Window coverings are about more than privacy. Check out some of the popular styles and trends in window treatments.
We cover our windows mostly for privacy, but also to complement our home’s décor. Here are some ways to choose window treatments that are stylish and practical, depending on your lifestyle and the purpose of a room or the window you’re covering.
Natural light is in. Homeowners love how their bright homes look, and understand that natural light is an energy-efficient way to heat their homes. Plus plants love the light! Of course, when it’s 98 degrees outside and you’re prepping for a summer party, the last thing you want is a big beam of sunlight shining into your kitchen. You’ll want to block out sun, especially in southern and western facing windows, with blinds, roll-down shades, heavy drapes or shutters.
Organic materials are popular throughout the home, and window treatments are no exception. Bamboo shades or drapes made from natural cotton and free of chemicals and harsh treatments are growing in popularity, especially in infant’s and children’s rooms. Some are both energy efficient and made of all-natural materials. You also can go natural with hardware, using natural wooden rods or tieback holders.
Stained glass adds an antique or vintage touch, especially to an older home or any small accent window. If you can’t afford a custom stained glass window, hang an old stained glass window from a local antique or salvage store inside your window. You achieve semi-privacy and the style and color reflections of the stained glass design.
Puddling drapes, or hanging curtains so that they are slightly long and “puddle” on the floor, has been a hot trend in recent years, and always a matter of personal preference. The look can be elegant when done correctly, and can help hold some cold air inside closed drapes. The puddle should produce about a 1 or 2 inch fold. Too much puddle looks like your order just got messed up.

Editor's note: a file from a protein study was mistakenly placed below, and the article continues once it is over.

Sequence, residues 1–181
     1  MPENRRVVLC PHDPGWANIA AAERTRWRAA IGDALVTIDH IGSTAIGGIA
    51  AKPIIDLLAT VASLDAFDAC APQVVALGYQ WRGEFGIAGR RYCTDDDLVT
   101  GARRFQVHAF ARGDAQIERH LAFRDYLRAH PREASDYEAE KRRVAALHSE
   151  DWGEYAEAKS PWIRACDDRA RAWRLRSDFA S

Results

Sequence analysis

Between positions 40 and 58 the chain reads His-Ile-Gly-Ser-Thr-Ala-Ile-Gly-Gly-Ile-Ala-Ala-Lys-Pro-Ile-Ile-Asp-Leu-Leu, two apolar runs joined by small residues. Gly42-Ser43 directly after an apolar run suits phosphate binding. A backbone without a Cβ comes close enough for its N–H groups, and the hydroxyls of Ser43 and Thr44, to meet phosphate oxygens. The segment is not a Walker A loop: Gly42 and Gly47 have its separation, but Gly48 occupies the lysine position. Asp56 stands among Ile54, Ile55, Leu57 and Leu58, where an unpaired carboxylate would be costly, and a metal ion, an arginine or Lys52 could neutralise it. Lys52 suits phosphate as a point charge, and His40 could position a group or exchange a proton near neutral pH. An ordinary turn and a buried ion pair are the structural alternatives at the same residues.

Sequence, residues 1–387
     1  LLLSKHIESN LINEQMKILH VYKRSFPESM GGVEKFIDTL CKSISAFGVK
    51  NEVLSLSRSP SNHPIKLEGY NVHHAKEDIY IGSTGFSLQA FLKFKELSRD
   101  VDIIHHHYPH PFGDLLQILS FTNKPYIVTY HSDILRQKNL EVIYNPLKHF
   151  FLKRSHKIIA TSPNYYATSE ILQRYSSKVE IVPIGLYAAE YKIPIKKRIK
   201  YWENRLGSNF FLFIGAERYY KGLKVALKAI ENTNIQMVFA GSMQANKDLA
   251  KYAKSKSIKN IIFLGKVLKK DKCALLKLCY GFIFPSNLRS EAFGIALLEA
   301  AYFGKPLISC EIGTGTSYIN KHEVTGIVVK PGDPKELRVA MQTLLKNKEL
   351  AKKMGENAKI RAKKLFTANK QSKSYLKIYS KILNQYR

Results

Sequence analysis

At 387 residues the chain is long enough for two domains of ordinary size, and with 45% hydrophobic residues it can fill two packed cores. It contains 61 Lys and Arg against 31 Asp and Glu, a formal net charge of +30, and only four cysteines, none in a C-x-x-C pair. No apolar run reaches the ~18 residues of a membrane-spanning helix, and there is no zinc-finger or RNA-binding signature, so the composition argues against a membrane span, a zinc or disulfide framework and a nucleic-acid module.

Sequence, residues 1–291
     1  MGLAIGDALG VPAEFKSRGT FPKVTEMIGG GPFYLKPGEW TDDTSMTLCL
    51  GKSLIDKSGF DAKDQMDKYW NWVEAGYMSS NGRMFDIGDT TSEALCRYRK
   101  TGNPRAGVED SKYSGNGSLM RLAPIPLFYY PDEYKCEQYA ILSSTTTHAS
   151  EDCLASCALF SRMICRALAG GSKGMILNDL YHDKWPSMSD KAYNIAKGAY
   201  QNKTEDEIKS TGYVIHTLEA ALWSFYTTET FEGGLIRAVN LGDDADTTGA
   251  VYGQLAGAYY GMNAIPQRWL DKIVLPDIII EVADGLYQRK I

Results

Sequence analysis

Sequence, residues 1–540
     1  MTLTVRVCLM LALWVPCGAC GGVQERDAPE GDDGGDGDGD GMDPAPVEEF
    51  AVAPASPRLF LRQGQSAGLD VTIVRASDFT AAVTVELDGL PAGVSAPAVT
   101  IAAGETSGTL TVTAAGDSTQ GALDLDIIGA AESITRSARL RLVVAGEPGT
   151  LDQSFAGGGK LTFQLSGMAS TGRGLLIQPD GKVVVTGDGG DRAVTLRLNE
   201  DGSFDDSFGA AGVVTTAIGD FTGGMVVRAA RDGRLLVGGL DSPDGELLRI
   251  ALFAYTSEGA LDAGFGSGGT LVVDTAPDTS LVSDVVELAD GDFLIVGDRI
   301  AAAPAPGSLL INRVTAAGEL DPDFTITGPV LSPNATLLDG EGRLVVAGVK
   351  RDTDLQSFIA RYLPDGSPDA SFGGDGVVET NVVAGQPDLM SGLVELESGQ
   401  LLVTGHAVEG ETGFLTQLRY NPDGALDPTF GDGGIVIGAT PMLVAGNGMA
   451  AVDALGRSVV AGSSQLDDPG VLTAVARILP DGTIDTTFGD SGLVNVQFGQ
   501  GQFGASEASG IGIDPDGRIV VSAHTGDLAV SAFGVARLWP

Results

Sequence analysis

Match purpose and pleasure. Many common or living areas require less privacy and feel better with more natural light. You might be able to save money with only sheer drapes or semi-sheer materials in these rooms.
But the glare… if you use one of these common rooms to enjoy your big-screen TV and can’t afford a dedicated room for a home theater, you need a more flexible option than a sheer shade. Blackout curtains hang on rods behind decorative curtains so you can get a home theater effect (and block out some cold on dreary “stay inside and watch movie” days). Check with the seller for colors and recommendations on hanging them for the best blackout effect. Of course, the curtains or blackout shades also work great for bedrooms of shift-working family members or guest rooms.
Other windows require covering more for privacy. Bathrooms usually fall in this category, but most homeowners want natural light for cheeriness, plants and warmth. You still can’t beat blinds that adjust from the top and bottom for the most flexibility. Open them from the top just enough for natural light, but just enough to cover family members. And when only the plants are using the tub, open up both ends for full light!
Go high-tech with your shade and sun control. If you can afford them, new interior shades for homes and offices roll up and down with the touch of a wireless remote to fully retract so you can enjoy your view and natural light, or close anytime you want privacy.